For my parents' generation, the enemies that were rotting our brains and transforming us into gibbering simpletons were telephones and television.
Today, it's iPhones and Facebook. But we all know that for every study that claims technology is shredding the social fabric, there's another that says tech tools enhance our ability to make and maintain connections.
This is definitely the case for our family. Thanks to high-speed Internet access, my wife and I were able to move 3,000 miles from our big-city jobs to a small town where we could spend more quality time with our kids and far fewer hours at the office. Technology is what allows my wife to work from home as a freelance writer (including as a tech columnist for Family Circle) while making sure our sixth grader puts down the cell phone long enough to finish her homework. And if on some days we text or Skype each other more than we talk, at least we are exchanging ideas—and generally staying on the same wavelength.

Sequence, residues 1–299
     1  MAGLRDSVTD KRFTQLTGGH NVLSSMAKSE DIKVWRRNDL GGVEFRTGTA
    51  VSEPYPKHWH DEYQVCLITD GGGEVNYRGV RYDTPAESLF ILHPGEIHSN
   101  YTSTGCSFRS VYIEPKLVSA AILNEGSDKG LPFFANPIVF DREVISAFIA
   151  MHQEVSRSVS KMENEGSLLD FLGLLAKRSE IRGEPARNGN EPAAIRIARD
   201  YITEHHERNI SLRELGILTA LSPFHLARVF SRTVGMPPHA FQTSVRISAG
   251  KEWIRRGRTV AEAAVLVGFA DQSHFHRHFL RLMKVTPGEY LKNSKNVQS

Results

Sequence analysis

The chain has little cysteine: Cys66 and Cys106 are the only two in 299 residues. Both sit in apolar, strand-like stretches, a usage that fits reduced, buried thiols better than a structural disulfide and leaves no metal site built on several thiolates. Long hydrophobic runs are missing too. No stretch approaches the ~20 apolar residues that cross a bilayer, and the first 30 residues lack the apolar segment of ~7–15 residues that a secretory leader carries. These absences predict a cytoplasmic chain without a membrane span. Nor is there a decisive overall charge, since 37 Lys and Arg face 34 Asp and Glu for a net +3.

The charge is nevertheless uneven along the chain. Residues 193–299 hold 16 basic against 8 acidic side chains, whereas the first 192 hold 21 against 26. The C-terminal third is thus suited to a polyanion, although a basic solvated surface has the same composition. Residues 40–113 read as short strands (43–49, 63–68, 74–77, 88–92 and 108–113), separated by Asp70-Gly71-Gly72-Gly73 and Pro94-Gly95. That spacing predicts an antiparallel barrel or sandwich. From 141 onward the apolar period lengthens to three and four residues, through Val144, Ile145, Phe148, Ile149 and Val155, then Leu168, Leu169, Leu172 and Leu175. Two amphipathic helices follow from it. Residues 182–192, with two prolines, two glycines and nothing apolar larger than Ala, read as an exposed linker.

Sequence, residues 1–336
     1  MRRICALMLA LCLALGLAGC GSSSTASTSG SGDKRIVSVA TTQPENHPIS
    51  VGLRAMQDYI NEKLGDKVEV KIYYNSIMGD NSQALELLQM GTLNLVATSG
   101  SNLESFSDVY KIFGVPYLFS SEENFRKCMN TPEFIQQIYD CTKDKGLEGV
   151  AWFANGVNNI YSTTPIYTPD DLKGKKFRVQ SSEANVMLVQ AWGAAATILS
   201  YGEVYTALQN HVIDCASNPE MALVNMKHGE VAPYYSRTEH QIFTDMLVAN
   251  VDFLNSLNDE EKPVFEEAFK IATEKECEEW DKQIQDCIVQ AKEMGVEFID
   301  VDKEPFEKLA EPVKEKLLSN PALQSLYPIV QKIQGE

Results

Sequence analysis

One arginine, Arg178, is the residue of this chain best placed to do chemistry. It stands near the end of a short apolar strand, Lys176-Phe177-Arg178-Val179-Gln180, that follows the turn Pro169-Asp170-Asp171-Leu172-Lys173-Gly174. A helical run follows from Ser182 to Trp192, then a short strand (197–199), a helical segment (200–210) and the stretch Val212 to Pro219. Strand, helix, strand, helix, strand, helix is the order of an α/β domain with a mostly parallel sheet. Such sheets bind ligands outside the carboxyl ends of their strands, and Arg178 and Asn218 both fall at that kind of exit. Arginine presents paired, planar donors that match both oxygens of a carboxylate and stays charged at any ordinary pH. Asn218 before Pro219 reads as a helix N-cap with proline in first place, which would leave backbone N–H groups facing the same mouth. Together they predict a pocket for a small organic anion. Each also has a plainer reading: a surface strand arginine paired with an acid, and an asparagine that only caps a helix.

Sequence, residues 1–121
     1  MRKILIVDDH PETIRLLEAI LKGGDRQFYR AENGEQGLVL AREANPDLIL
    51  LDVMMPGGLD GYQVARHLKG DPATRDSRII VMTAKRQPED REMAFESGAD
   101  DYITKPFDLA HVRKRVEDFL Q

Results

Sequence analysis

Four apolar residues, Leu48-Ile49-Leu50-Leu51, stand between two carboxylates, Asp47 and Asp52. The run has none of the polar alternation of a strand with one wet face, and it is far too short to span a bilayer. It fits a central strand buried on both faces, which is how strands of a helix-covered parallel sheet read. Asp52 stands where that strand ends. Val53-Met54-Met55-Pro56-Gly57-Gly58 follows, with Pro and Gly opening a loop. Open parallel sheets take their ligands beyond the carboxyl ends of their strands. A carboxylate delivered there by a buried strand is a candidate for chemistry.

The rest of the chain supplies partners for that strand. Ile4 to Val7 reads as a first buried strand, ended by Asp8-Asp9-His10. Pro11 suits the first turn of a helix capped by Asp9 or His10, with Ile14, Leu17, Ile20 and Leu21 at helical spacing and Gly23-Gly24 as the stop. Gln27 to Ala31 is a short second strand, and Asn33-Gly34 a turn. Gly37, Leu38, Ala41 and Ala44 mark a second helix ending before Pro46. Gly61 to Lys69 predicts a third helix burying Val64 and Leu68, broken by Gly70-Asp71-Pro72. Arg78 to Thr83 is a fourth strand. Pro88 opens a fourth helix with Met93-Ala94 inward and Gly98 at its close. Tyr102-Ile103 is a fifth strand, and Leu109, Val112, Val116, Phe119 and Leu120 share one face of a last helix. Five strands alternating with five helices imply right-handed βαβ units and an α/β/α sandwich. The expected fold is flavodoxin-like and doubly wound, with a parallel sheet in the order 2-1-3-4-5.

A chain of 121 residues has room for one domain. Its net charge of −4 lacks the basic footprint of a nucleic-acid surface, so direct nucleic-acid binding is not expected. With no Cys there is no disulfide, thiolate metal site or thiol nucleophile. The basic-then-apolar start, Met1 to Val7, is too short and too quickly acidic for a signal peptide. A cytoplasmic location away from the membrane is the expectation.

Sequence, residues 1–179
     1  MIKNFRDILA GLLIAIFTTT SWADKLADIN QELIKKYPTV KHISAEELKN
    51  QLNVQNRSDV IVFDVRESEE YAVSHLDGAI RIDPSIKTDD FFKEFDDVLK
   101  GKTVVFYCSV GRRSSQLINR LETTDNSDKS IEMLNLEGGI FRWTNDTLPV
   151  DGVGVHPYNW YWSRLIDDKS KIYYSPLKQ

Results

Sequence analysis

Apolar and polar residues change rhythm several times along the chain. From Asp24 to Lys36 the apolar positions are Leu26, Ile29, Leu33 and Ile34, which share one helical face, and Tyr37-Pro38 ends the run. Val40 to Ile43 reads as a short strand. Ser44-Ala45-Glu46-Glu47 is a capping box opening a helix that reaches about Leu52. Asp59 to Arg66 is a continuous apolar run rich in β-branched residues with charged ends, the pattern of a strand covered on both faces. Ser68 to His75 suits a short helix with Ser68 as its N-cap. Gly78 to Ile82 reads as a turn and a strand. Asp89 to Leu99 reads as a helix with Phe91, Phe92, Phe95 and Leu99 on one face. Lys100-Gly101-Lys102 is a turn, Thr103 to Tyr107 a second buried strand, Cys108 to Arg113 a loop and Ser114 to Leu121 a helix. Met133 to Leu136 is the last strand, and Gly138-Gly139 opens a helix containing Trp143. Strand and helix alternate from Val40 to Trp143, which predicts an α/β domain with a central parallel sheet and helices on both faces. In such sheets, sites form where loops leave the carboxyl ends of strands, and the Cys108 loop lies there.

The fact is, tech both isolates and connects modern families. It can give the false illusion of friendship, but it also provides access to social circles far beyond the confines of our schools, churches, offices and neighborhoods.
As parents, we know there need to be limits. And it's up to us to enforce them. Which is why in a few weeks our family will hike to the top of a 6,600 foot peak in the Great Smoky Mountains. We'll be staying at a lodge where there is no cell phone reception, no Internet, not even electricity. For three days we'll have just trees, air, kerosene lamps and food brought up the mountain on the backs of llamas. It will be the longest we all have been unplugged since, well, possibly ever.
Will we survive? It's unclear. But if we do, we'll be sure to put it all on Facebook.Four Ways to Keep Tech from Taking Over Family Life
Originally published in the August 2011 issue of Family Circle magazine.